At the age of seven, I stopped going to my neighbour’s house because his uncle rubbed me in places where it hurt. I was too young to understand that it was wrong, but even then, something inside me prevented me from ever speaking about it.
At the age of thirteen, I was told to stop playing cricket with the boys in my colony as I had hit puberty. I could no longer stay at my best friend’s house when my parents left me alone. I was locked and instructed not to open the door.
At the age of fourteen, I learnt to wrap my sanitary napkins in black plastic bags and hide them under multiple layers of clothing. I was told not to visit temples, or accidentally touch the idols in our house when I was bleeding, for fear of hampering its purity.
At the age of sixteen, I was no longer allowed to attend birthday parties of my male classmates as it was the age they start drinking and could make “mistakes”.
At the age of eighteen, I started college and was advised by my parents to take the women’s coach in the metro daily. My “curfew” for coming back home was set at 6 PM.
At the age of twenty, I filled my wardrobe with loose shirts, airy sweatshirts, ‘boyish pants’ and was careful always to tuck the mischievous bra strap inside my t-shirt.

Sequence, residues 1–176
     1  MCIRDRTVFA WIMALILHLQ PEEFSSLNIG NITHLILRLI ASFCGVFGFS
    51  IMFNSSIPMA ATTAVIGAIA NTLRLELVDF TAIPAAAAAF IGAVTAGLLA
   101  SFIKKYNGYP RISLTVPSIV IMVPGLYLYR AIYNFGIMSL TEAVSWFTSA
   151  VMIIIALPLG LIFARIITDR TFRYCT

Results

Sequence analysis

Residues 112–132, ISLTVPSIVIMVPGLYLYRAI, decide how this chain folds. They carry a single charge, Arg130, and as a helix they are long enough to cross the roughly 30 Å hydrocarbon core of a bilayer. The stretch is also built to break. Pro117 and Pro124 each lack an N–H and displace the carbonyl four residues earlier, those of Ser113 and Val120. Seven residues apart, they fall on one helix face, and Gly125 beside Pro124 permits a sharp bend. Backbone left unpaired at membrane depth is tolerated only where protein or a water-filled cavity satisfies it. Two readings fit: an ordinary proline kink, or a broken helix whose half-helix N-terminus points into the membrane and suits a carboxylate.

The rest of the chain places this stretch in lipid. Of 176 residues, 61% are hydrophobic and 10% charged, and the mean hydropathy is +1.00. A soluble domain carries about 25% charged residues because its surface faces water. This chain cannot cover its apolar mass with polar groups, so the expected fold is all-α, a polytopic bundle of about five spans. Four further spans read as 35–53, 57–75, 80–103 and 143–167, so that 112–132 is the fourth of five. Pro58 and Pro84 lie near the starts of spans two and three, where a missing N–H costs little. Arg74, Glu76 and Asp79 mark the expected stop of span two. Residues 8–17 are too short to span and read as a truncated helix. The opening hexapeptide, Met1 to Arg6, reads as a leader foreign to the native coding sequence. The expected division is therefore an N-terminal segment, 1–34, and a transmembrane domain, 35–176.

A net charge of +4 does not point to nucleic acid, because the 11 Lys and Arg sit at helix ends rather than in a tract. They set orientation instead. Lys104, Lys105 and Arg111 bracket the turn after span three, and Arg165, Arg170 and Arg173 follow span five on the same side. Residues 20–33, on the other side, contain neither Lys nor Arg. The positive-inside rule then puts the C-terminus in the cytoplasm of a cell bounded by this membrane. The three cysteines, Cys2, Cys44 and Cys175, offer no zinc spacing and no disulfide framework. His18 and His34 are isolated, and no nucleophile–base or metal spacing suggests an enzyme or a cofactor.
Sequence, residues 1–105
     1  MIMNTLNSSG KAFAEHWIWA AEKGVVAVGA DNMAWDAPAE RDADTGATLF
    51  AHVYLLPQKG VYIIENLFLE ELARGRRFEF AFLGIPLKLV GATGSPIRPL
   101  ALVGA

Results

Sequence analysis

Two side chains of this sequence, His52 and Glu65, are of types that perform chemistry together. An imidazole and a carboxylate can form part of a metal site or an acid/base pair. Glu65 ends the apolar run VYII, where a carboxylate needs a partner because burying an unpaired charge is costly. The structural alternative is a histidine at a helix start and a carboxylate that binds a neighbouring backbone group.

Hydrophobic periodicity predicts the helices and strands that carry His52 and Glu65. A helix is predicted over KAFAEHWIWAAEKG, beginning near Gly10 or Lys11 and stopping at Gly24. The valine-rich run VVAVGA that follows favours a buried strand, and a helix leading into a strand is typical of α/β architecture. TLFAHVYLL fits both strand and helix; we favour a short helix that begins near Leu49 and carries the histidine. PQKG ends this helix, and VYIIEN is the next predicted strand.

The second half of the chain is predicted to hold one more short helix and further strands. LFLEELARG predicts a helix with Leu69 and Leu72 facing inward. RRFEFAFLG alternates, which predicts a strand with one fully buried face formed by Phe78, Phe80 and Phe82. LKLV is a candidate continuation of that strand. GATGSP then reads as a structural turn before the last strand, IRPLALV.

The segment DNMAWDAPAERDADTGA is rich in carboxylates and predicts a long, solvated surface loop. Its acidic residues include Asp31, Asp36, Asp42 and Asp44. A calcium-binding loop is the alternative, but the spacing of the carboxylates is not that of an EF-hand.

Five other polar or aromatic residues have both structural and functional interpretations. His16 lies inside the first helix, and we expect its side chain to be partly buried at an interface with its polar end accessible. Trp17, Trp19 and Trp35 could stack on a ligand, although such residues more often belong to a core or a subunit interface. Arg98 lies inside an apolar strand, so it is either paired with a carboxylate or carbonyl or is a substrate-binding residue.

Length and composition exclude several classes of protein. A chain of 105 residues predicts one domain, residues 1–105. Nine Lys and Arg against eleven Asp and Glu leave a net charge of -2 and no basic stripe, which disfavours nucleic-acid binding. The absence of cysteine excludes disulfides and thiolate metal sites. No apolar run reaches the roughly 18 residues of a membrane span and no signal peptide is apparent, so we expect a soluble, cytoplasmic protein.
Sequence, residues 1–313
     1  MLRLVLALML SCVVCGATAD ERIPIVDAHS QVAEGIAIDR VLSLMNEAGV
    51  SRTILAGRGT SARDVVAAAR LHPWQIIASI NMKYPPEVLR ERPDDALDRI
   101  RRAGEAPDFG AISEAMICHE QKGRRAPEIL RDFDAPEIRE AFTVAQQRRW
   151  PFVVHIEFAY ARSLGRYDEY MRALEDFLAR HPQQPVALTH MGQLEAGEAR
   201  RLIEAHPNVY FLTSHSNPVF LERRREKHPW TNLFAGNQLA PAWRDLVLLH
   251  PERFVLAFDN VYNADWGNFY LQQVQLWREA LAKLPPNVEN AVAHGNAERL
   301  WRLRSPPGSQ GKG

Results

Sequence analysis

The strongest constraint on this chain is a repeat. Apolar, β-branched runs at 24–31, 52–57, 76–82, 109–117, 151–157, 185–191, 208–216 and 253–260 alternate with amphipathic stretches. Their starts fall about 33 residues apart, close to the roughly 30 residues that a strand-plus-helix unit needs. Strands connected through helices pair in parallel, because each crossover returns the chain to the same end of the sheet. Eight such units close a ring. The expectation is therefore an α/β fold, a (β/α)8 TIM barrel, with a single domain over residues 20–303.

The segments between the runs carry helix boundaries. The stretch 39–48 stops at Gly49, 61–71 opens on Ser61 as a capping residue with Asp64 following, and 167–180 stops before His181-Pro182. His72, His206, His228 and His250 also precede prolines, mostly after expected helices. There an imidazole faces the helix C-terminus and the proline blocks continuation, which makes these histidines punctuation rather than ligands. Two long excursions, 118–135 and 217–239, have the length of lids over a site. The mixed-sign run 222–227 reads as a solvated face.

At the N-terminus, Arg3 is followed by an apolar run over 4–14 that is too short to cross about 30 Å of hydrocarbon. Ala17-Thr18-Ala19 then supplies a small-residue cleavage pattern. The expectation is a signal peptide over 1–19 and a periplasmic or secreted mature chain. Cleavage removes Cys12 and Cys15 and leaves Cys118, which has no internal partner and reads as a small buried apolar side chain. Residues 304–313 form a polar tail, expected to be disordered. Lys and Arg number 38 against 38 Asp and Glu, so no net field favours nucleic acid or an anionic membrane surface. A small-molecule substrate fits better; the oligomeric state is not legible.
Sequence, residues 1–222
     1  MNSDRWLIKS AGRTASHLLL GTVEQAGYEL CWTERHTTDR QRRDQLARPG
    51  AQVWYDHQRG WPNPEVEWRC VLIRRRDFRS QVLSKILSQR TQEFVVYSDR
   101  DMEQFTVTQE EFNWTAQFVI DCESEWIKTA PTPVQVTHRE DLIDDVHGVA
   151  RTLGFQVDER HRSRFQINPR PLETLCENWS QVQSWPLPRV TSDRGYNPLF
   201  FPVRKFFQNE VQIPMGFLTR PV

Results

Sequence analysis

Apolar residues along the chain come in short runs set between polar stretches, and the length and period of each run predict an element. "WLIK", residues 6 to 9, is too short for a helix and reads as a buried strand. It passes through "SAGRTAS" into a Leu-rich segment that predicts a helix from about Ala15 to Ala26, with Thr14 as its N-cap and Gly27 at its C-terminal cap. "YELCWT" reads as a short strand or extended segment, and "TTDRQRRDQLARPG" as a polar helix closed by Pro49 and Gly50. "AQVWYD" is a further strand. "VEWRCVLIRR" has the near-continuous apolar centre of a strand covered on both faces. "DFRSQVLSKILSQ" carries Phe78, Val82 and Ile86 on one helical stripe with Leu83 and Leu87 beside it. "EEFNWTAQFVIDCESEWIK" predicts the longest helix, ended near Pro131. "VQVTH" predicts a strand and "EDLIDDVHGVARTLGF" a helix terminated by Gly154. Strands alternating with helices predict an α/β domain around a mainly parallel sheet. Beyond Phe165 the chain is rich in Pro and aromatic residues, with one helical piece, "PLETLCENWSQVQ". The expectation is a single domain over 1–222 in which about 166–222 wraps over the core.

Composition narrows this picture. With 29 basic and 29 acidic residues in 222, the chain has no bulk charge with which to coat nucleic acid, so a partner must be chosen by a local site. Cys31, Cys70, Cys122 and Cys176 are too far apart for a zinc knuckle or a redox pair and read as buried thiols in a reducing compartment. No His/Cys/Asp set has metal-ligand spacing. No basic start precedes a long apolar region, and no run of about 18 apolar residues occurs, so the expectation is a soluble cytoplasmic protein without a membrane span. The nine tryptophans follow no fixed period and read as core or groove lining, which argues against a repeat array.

At the age of twenty-one, I learnt to accept that some men are hooligans and all we can do, is ignore the voyeuristic stares and keep our heads low.
I dutifully accepted all the above mentioned advice to survive in the capital of our country. I have never had a night out, never gotten drunk, never even kissed another man. I found solace in poetry, wrote about these experiences – never in the first person. I gave women wings in my words.
I was waiting for my college years to get over, to move to another city, another country, where I could spread my wings and go on walks on at 3 am without being groped. I was waiting to get out of the city that suffocated me and had expected other cosmopolitan cities to be some sort of a refuge.
Do we really need a hashtag for that? Every time an incident happens, it doesn’t need to be made into a battle of the sexes. Women demanding safer cities and the right to be on streets without being groped are not “Feminazis” out to get every man in this country. If some men are confident and outrageous enough to grab a woman and harass her, it is because each of one us in some way have built a structure that allows them to do it.
And these men do not come with markers on their foreheads – they are not defined by class, region or how proficient they are in English. They are on streets, on public transport, in schools, at home, inside bedrooms, in offices of power. I wish we could scan mindsets and differentiate and choose the roads where only ‘honourable’ men walk.
I wish I had the privilege to really escape to a city where I’d feel safe. But I don’t have that privilege, and thus, not the intention to appreciate the fact that #NotAllMen rape. I cannot clap for you, and let you divert the issue at hand. I cannot let this be made about you – not again. I cannot adjust my clock, fix my dresses to tame the testosterone levels of sexually frustrated men.